California State Land Lease (3-CA-a)
The Commission has jurisdiction and management control over sovereign state land and California school lands (school lands). Sovereign state land consists of any land underlying the state’s navigable and tidal waterways. This includes the beds of California’s navigable rivers, lakes, and streams. The Commission also manages the state’s tide and submerged lands along the coastline and offshore islands from the mean high tide line to three nautical miles offshore. Approximately 4 million acres of sovereign state land is held by the Commission subject to the public trust which reserves the use and enjoyment of the land for statewide public purposes. When considering a lease dealing with sovereign state land the Commission must take into consideration a multiple use management policy that ensures the greatest possible public benefit is derived from the land. The Commission will also consider factors such as the size, location, intended use, and environmental impacts associated with the purposed project. The Commission can approve, condition, or deny any application based on its discretion or other issues raised during the application process. Cal. Pub. Res. Code § 6009
School lands are also managed and controlled by the Commission through its Land Management Division (LMD). California still maintains approximately 468,000 acres of school lands which were originally granted to the state by Congress in 1853 for the benefit of public education. The LMD is responsible for administering surface resources on school lands, with the exception of mineral activities. Power plant and transmission developers should note that over half of all school lands are located in the California Desert. Cal. Pub. Res. Code § 6501.1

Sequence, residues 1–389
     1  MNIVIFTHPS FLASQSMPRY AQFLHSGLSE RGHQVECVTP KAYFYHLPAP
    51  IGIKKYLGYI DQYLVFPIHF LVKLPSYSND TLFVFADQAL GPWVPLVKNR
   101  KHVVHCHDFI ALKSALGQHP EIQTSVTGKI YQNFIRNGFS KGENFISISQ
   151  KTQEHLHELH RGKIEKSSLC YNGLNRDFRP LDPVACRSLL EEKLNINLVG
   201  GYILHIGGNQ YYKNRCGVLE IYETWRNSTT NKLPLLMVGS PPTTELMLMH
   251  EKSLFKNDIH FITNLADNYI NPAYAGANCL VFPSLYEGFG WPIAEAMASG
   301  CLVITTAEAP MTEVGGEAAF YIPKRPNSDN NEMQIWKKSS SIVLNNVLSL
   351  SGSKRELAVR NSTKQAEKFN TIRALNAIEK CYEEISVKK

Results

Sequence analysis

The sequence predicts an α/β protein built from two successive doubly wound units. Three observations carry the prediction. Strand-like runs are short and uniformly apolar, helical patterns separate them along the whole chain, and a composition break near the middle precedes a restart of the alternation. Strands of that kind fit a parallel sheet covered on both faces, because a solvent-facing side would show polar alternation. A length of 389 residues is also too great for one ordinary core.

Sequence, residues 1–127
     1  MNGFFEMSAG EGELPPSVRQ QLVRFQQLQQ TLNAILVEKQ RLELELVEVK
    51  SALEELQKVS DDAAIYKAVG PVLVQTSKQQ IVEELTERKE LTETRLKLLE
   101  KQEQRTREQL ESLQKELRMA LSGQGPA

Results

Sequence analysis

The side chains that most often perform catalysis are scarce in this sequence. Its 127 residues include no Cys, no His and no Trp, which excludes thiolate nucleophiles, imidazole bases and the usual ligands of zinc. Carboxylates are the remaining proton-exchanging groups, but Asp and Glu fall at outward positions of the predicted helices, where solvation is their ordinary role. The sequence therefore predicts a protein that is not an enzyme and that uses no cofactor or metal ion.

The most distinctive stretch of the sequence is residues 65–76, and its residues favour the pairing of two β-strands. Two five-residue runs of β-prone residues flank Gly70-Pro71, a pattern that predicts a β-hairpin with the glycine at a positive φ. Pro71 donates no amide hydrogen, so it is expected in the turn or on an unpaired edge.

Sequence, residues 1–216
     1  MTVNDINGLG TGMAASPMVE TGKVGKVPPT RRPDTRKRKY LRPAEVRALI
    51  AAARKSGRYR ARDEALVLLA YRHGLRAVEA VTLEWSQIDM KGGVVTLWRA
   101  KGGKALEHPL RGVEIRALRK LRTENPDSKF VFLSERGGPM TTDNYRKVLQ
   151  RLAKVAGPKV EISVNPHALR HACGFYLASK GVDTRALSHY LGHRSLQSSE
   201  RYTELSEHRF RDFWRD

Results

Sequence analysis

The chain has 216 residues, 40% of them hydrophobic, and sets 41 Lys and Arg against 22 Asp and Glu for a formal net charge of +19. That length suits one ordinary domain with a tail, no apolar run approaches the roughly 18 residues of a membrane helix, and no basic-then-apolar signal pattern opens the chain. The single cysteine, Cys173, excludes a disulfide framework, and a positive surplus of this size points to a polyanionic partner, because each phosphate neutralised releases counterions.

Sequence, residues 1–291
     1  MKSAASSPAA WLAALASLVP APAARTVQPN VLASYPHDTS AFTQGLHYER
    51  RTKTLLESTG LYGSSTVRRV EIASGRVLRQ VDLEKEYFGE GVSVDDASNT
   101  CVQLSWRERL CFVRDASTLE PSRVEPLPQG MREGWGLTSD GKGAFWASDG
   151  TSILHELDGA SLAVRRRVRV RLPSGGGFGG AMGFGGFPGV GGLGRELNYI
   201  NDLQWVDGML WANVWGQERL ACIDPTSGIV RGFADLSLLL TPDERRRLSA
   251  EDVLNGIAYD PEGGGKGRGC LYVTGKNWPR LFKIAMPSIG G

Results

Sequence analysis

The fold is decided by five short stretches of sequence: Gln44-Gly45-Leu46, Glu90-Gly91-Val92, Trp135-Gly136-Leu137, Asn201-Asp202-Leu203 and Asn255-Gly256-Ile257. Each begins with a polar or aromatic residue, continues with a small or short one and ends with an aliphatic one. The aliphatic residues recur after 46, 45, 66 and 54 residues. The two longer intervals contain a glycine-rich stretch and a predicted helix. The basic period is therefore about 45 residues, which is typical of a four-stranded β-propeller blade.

The proposed project needing a right of way over land managed by the Commission must meet the requirements of the California Environmental Quality Act (CEQA). The Commission may allow other governmental agencies to act as lead agency if the other agency has jurisdiction over some part of the project. For example, if part of the project falls on private property, the county will have jurisdiction and may act as CEQA lead. The Commission, if acting as lead agency, will not issue any lease if the project does not comply with CEQA regulations. Cal. Pub. Res. Code § 6502 See Cal. Pub. Res. Code § 6502See Memorandum of Understanding 2011
State Land Lease Process
3-CA-a.1 to 3-CA-a.3 – Contact the Department of General Services to Determine which Agency has Jurisdiction; Is the Land Under the Jurisdiction of the California State Lands Commission?; Contact the Relevant State or Local Agency with Jurisdiction
The first step in the leasing process is to determine who owns the land. In California, numerous state agencies have jurisdiction over various state lands, including the California Department of General Services, Caltrans, and the California Department of Fish & Wildlife. In order to determine which agency has jurisdiction, the developer should consult the Department of General Services' Statewide Property Inventory (SPI). The SPI can be accessed on the Department of General Services' SPI Website.